The Listeners by Walter de la Mare and Ozymandias by Percy Bysshe Shelley: Poems mystery

Category: Mystery, Poetry
Last Updated: 26 Jan 2021
Pages: 3 Views: 485

The Listeners by Walter de la Mare and Ozymandias by Percy Bysshe Shelley both immediately convey a sense of mystery as they are set in the past. Ozymandias revisits the very distant past and The Listeners revisits the past in the lifetime of a single man.

Shelley uses the technique of a story within a story to create mystery, where de la Mare uses an account. However they both make use of a lone traveller who visits lonely places to evoke a sense of fear, encouraging you to think about what might have happened in these places and that events could have been very sinister.

Both poems have the main focus of an isolated structure:

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That dwelt in the lone house then

Stood listening in the quiet of the moonlight

("The Listeners", lines 14 & 15, Walter de la Mare)

Of that colossal wreck, boundless and bare

The lone and level sands stretch far away.

("Ozymandias", lines 13 & 14, Percy Bysshe Shelley)

The poets inject both of these inanimate structures with a sense of humanity, which furthers the mysterious aura surrounding them. Shelley uses a human description to do this:

And wrinkled lip, and sneer of cold command,

("Ozymandias", line 5, Percy Bysshe Shelley)

Where de la Mare instead uses the spirits of the Listeners to give the house a sense of humanity, as if the house itself is possessed and listening to the traveller:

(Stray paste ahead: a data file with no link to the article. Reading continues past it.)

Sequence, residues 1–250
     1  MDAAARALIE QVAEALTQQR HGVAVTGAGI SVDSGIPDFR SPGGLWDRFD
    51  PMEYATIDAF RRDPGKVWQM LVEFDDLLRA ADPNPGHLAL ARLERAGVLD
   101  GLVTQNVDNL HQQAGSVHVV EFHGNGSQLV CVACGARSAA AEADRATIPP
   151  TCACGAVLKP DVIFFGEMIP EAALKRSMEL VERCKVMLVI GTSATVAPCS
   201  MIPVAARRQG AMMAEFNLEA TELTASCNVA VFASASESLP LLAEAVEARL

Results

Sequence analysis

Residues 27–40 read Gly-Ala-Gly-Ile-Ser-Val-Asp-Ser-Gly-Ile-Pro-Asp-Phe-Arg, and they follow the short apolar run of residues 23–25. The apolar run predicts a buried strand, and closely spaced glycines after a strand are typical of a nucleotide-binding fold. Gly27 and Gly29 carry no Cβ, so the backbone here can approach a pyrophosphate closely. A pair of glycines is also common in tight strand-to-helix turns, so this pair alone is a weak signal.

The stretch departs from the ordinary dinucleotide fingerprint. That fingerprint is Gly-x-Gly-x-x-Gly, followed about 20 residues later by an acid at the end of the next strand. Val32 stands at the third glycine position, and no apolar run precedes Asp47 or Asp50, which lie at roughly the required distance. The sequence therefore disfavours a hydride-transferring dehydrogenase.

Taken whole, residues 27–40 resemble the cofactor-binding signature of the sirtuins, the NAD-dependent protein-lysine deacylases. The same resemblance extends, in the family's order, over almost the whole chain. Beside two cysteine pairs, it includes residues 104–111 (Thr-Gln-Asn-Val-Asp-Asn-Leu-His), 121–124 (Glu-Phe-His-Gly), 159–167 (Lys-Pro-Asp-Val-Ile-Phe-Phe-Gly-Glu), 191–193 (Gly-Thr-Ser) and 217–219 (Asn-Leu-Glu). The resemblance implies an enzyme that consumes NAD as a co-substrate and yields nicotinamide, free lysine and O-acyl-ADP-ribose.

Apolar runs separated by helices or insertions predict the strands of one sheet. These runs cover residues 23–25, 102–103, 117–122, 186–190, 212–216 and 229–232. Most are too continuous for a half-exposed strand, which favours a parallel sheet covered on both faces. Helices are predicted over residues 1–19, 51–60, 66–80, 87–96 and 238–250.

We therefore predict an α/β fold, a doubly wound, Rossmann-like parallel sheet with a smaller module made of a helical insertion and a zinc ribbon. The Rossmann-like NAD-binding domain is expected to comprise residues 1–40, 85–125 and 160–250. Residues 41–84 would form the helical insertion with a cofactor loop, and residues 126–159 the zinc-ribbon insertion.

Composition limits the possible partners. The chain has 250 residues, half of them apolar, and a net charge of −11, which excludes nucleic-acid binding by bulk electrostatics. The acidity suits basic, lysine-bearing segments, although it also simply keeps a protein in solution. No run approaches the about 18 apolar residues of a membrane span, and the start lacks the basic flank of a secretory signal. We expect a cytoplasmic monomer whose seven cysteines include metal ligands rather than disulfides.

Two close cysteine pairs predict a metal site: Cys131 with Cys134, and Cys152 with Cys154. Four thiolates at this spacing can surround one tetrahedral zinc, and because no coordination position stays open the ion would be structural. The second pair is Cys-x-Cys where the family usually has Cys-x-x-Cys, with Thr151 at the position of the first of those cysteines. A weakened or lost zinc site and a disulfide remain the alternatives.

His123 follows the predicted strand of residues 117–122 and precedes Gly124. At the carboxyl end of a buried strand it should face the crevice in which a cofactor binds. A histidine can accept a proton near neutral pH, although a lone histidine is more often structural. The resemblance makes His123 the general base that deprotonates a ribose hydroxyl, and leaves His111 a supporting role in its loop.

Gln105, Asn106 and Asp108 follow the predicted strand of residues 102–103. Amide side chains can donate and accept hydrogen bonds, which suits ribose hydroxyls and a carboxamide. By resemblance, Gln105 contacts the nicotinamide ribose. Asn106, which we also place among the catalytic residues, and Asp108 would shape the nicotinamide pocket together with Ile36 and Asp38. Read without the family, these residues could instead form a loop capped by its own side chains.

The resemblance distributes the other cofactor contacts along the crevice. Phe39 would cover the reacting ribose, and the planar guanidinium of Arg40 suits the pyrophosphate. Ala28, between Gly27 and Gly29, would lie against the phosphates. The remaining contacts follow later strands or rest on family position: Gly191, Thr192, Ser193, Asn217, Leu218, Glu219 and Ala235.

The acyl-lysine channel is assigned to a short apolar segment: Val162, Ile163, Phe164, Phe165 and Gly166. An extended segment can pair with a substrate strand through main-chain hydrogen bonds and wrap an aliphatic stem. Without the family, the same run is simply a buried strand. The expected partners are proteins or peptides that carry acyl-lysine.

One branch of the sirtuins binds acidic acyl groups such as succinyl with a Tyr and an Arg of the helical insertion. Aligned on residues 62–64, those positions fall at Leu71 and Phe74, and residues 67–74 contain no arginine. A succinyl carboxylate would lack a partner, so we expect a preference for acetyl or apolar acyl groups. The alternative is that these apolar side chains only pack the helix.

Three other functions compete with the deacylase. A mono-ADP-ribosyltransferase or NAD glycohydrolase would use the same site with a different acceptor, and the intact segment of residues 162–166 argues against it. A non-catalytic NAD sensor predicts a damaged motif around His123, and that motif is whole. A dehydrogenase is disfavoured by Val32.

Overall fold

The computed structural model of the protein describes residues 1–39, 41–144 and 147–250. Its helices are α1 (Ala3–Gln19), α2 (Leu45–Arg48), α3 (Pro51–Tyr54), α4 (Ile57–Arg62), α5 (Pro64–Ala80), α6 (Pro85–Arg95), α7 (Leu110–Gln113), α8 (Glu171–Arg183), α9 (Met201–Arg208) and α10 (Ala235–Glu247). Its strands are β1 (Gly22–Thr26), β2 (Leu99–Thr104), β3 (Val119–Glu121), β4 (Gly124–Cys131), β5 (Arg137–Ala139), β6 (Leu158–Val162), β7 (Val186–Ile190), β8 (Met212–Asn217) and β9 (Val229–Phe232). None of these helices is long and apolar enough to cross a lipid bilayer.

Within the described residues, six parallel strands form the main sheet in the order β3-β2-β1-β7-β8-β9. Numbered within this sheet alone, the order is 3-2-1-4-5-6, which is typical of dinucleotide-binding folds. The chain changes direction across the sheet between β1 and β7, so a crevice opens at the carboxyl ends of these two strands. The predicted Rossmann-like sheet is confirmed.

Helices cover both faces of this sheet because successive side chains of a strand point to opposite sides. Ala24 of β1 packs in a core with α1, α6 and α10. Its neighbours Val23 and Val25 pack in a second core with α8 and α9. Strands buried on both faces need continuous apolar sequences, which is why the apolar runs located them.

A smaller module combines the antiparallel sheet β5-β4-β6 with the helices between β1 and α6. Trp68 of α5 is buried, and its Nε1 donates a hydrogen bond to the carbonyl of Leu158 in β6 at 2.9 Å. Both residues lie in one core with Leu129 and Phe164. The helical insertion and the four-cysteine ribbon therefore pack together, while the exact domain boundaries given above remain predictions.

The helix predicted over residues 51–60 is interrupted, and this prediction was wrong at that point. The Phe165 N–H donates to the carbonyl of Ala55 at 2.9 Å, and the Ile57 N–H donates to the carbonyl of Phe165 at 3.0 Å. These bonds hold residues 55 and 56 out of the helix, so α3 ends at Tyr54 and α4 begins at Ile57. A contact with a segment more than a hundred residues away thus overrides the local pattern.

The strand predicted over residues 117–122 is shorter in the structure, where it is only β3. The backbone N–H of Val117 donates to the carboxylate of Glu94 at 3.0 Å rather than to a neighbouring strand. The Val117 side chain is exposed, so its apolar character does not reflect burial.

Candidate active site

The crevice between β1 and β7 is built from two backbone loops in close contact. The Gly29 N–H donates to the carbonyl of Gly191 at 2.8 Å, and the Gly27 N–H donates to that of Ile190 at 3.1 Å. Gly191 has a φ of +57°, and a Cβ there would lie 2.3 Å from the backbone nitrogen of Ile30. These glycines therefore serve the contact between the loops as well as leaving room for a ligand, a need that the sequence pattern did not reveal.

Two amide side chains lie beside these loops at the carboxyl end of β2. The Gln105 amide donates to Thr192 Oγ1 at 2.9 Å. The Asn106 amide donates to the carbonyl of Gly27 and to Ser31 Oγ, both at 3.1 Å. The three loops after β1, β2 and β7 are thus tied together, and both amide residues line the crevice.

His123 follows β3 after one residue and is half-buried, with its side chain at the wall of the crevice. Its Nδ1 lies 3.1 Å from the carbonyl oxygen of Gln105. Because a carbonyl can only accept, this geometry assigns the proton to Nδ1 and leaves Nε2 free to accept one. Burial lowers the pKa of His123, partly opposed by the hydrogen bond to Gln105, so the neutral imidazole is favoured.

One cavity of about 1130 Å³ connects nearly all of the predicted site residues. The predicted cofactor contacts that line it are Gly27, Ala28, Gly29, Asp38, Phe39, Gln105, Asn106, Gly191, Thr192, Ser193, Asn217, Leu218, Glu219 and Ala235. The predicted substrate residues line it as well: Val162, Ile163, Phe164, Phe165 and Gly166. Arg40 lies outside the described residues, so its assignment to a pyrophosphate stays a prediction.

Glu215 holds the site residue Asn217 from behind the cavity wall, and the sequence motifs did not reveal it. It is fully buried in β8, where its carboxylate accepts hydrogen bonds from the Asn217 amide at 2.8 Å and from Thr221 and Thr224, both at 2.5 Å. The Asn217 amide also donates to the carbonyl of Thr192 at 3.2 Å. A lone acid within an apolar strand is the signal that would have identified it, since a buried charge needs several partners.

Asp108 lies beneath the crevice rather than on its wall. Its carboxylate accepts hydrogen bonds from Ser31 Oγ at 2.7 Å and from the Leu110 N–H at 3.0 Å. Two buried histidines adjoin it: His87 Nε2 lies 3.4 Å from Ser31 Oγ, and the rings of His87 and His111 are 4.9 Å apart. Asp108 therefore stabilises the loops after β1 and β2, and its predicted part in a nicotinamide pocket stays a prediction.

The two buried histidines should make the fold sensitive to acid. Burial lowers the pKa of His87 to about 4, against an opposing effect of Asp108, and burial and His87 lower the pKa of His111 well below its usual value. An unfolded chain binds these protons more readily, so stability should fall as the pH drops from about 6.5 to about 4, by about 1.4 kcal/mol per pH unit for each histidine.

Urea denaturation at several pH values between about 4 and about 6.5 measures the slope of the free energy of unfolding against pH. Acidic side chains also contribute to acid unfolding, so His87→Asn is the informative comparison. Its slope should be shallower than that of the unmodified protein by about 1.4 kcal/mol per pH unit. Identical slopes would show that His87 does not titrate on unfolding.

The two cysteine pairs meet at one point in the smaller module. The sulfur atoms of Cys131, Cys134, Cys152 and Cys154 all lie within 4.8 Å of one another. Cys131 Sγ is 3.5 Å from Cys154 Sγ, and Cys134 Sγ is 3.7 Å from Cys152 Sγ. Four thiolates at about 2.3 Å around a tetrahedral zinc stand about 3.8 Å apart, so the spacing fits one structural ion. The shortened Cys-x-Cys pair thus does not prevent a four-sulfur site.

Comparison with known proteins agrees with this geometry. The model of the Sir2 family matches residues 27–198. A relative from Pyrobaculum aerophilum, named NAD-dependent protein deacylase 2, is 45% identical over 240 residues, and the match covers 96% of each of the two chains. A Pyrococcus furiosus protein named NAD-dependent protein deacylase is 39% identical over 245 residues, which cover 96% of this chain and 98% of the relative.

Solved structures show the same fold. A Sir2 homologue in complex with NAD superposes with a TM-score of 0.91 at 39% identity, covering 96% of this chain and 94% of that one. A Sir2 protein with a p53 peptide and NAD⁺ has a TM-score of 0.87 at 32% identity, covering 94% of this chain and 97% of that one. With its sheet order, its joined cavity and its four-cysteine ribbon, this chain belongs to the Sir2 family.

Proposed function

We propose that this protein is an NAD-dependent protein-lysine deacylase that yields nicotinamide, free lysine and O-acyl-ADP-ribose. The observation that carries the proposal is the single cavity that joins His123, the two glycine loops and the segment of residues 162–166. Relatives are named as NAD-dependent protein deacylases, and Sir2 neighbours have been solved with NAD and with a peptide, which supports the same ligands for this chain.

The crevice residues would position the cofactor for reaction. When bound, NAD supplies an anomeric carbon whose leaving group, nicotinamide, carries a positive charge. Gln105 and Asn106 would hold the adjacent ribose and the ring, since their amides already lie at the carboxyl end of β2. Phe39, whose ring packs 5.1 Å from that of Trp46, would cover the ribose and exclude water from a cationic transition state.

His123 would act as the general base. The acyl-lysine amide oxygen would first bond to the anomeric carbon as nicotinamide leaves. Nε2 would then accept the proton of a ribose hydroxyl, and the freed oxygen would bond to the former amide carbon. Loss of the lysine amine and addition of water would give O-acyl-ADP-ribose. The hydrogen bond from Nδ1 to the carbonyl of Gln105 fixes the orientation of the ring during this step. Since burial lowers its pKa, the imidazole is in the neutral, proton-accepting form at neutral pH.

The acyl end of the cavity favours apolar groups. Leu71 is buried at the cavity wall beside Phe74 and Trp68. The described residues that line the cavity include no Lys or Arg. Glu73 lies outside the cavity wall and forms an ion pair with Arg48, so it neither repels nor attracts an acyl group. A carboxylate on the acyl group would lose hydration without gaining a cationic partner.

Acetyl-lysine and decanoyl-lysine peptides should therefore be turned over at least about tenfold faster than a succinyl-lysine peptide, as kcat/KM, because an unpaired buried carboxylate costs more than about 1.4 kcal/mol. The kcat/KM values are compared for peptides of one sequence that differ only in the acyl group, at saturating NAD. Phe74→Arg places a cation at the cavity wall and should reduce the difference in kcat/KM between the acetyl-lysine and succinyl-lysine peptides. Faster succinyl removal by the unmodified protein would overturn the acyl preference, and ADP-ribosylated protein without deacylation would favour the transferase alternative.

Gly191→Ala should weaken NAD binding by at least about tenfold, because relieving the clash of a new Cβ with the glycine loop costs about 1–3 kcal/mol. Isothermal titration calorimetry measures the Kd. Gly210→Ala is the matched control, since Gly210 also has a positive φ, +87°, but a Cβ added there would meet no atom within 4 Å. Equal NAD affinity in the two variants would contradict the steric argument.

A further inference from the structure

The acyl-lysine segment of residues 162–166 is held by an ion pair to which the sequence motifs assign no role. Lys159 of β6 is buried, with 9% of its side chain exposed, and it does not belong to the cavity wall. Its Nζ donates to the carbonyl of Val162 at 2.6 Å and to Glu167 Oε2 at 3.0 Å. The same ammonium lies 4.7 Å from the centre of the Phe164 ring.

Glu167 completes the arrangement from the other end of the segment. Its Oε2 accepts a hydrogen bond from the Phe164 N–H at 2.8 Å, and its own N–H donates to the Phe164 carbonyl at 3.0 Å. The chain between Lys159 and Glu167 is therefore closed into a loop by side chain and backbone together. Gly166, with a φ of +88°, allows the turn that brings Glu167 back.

And he felt in his heart their strangeness,

Their stillness answering his cry,

("The Listeners", lines 21 & 22, Walter de la Mare)

Both poets cleverly use imagery to create pictures in our minds. De la Mare uses very detailed and lengthy descriptions, which build mystery and suspense and make you feel as if you are watching the lone traveler:

Knocking on the moonlit door;

("The Listeners", line 2, Walter de la Mare)

This makes you feel very apprehensive.

Shelley's descriptions in Ozymandias are more limited and rather abrupt, which I think creates mystery because the reader has to use their imagination to picture events clearly.

The poems differ at this point because in The Listeners, de la Mare's setting is full of life, for example he describes trees, turf, grass and a horse. In contrast to Ozymandias, where Shelley uses bleak descriptions of a setting, which indicates an extremely barren and empty expanse.

The Listeners hints at the enduring quality of the spirits who dwell in the house. Whereas Ozymandias gives a clear message of the ephemeral nature of the effects of power and pride.

The end of each poem has both similarities and differences. Ozymandias has no clear end. There is nothing to sum it up. Shelley has left a gap to use our own imagination. But in The Listeners, de la Mare clearly describes the traveler retreating back to where he had come from. Creating a clear end to the story.

The similarities arise at the end of each poem because both the poets use alliteration to describe distance, space and quiet. Shelley manages to create a large expanse of space, distance and emptiness:

The lone and level sands stretch far away.

("Ozymandias", line 14, Percy Bysshe Shelley)

But de la Mare creates a feeling of stillness, quiet and distance with:

And how the silence surged softly backwards,

When the plunging hoofs were gone.

("The Listeners", lines 35 & 36, Walter de la Mare)

By using this alliteration right at the end of the poems and the 'S' sound all the way through, both poets have finished with mystery and quiet foreboding of what might be.

I think that both poems are telling a ghost story. They are quite frightening and very mysterious. Out of the two my favourite is the listeners. I prefer this as I think it is a clear story, which made me feel on edge. Where I found Ozymandias too vague and without a clear ending.

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The Listeners by Walter de la Mare and Ozymandias by Percy Bysshe Shelley: Poems mystery. (2017, Aug 20). Retrieved from https://phdessay.com/listeners-walter-de-la-mare-ozymandias-percy-bysshe-shelley-poems-mystery/

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